Microbiota decussata, commonly known as Siberian cypress, is a relative newcomer to the horticultural scene. It was first discovered in 1921, high above the treeline in the mountain ranges of eastern Siberia. It is native to only this small, remote region. For the next 50 years, the plant remained largely unknown to the Western world, partly due to the political secrecy of the former Soviet Union. It finally entered the horticultural trade in the 1970s, and has become available in mainstream nurseries in the past 20 years.
Microbiota decussata is the lone species in its genus, but is related to other members of the cypress family – junipers, arborvitae, and false cypress. What makes it a really special garden plant to me, though, is its low, spreading form, cold hardiness, and ability to grow in the shade. With long stems that radiate from the plant’s crown, Siberian cypress reaches a height of only 12” but a dazzling spread of 10’ if given the proper growing conditions. Its foliage is soft and feathery, bright green in spring and summer, turning to a bronzy-purple color in the fall and winter.
Siberian cypress is very cold hardy, surviving Zone 3 (-40 degrees F) winters with ease. It grows on a variety of soils, but needs good drainage. Although it tolerates drier soils once established, a mulch of wood chips, bark or pine needles is recommended to keep the root zone cool and moist. The only other maintenance that I perform is to remove dry leaves that become matted in the shrub’s crown in fall and winter. These can lead to yellowing and eventual die-back of the evergreen fronds.
When it was first introduced in the US, Siberian cypress was touted as a groundcover for shade. Since most conifers, especially the low ones, prefer full sun, this was a major selling point. Although Microbiota will grow in full sun, it prefers a lightly shaded position – not dense shade. I planted my first Siberian cypress 18 years ago in one of the most challenging spots in the garden – beneath a grove of Norway and sugar maples and hemlocks. The lack of moisture and sunlight has kept the plant at a modest 24” diameter, but it has survived. Another Microbiota, planted many years later at the foot of my rhododendrons in partial shade and better soil, extends its lush branches to form a gorgeous 8’ wide circle. With no major pests and diseases, and not bothered by deer or voles, Siberian cypress is a shrub that I can easily recommend to others.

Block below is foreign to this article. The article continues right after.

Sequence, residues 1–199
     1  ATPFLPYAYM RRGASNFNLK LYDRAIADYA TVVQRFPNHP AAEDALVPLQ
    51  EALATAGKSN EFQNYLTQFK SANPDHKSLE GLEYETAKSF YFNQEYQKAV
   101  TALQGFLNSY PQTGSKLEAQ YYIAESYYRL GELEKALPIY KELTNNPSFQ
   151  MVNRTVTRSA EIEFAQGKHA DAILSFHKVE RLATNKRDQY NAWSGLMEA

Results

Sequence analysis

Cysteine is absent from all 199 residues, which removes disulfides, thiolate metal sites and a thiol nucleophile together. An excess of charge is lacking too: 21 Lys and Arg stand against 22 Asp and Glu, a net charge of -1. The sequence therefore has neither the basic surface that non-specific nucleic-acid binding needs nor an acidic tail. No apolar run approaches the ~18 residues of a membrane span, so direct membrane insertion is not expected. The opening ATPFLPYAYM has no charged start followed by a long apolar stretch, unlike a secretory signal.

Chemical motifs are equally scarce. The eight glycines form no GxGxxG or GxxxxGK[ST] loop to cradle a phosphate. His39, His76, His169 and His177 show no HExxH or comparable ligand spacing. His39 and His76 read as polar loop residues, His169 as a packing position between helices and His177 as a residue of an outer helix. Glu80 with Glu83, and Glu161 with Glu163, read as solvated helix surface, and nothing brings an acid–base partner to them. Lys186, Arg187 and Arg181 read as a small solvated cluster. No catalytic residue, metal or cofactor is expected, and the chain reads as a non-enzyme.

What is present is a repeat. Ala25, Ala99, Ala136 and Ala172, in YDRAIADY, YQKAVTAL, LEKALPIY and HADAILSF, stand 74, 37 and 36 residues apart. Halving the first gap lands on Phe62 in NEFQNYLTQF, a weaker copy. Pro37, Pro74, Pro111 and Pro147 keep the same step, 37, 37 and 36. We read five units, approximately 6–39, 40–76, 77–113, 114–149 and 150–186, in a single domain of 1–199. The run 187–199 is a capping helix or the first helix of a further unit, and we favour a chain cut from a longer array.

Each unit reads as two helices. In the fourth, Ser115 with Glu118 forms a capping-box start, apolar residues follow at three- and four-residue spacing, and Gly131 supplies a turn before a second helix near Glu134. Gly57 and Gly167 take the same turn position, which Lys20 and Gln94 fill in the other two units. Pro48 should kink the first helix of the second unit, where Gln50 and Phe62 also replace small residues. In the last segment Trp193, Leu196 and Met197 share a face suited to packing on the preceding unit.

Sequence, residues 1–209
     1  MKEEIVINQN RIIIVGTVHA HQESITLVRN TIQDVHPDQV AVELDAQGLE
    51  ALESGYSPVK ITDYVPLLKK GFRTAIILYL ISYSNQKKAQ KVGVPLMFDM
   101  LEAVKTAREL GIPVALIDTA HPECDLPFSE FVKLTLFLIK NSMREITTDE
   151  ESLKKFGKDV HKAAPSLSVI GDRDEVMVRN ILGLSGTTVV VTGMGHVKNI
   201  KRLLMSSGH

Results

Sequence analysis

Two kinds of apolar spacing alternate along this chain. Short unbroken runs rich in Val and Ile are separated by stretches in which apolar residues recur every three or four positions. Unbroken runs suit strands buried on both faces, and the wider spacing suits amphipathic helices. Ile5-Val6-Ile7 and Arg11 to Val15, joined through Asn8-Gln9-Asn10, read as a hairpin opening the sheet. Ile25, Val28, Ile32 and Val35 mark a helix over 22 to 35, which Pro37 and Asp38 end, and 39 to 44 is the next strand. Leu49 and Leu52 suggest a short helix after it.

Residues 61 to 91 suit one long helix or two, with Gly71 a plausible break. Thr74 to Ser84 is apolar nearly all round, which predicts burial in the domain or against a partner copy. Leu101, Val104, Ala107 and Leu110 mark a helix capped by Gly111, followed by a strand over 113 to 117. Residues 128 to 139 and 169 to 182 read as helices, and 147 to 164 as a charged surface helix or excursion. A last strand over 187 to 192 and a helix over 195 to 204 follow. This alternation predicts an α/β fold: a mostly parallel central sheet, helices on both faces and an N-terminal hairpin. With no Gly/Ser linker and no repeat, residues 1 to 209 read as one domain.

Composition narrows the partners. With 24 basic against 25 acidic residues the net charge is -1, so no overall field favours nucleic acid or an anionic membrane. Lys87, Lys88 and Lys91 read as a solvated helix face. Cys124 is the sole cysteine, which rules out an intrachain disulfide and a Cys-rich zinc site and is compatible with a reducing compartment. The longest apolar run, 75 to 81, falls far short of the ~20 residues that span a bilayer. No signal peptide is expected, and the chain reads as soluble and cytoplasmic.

Siberian cypress has many uses in the landscape. Although attractive alone, it is stunning in large groupings. Its low stature, wide spread and ferny, layered foliage, make it an ideal groundcover. I particularly like its texture contrast with broadleaf evergreens such as rhododendrons, hollies, pieris and mountain laurels. In the summer, it is a wonderful companion to large hostas. But the time of year that I appreciate it the most is during my winter walks, when I see how much this hardy survivor from Siberia adds to the beauty of my garden.